Saturday, Oct. 30: Meet at 1 p.m. at the Foster Falls Recreation Area in Sequatchie, Tennessee, within the South Cumberland State Park. This will be a 5-mile round-trip walk on the easy flat terrain of the plateau rim. Register at 931-924-2980.

• Nashville’s Beaman Park Nature Center has a “Get to Know Beaman Park” hike from 10 a.m. to noon Saturday, Oct. 16, during which you can hike the 2.5-mile Henry Hollow Loop trail with a naturalist. Call 615-862-8580 or email beamanpark@nashville.gov to register. Meet at the Nature Center, 5911 Old Hickory Blvd.

• Nashville’s Bells Bend Park at 4187 Old Hickory Blvd. has two great October naturalist-led hikes:

There is a Hunter’s Moon Hike from 6 to 8 p.m. Oct. 20, during which you can enjoy a nearly full moon and the night sounds (owls, other night birds and the Cumberland River) of this farm-like park in a bend of the Cumberland River. The hike is rated easy and is designed for those 8 and older. Registration is required at bellsbend@nashville.gov.

Bells Bend also has a Children’s Fall Hike from 1 to 2 p.m. Oct. 30. This is designed as a fun afternoon for all ages to learn about fall plants, the forest, insects and changes that occur in the fall. Registration is required at bellsbend@nashville.gov.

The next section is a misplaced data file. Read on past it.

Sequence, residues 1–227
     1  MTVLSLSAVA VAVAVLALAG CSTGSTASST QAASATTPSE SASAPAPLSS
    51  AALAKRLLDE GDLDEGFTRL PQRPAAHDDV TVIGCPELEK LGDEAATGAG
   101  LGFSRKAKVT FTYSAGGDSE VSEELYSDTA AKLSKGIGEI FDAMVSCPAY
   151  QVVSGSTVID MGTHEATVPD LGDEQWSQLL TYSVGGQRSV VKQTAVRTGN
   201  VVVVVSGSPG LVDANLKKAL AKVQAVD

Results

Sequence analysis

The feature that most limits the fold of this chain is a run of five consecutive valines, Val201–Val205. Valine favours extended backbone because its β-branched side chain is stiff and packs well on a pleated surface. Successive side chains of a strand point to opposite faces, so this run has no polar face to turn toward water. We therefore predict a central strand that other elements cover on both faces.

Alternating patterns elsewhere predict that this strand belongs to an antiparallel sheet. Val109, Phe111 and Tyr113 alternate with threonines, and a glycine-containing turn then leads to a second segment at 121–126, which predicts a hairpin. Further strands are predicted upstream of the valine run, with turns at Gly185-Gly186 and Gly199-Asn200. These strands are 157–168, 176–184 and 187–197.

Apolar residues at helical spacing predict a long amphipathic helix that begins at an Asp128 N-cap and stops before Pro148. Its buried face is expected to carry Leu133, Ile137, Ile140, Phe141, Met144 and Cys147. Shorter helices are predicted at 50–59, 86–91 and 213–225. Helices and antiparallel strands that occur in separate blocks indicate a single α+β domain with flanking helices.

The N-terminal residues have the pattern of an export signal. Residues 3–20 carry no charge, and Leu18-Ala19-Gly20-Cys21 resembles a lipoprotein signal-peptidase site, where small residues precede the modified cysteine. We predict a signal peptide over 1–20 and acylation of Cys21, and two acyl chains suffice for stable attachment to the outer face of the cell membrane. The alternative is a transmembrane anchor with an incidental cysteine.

• Bledsoe Creek State Park in Sumner County has a guided hike along the High Ridge and Shoreline trails at 1 p.m. Oct. 23. The hike is about 3 miles and is “moderately strenuous.” Meet at the Visitor Center back porch. Register at 615-451-6337 or email dallas.felton@tn.gov.

Some anytime hikes/walks include:

• If you want to incorporate some history into your hike, try the Boundary Trail inside the Stones River National Battlefield in Murfreesboro. This is described as an easy trail that you can combine with a park road and short trail to the Stones River National Cemetery for a 3.5-mile loop around the whole park. There are marked signs and cannons along the way. 615-893-9501.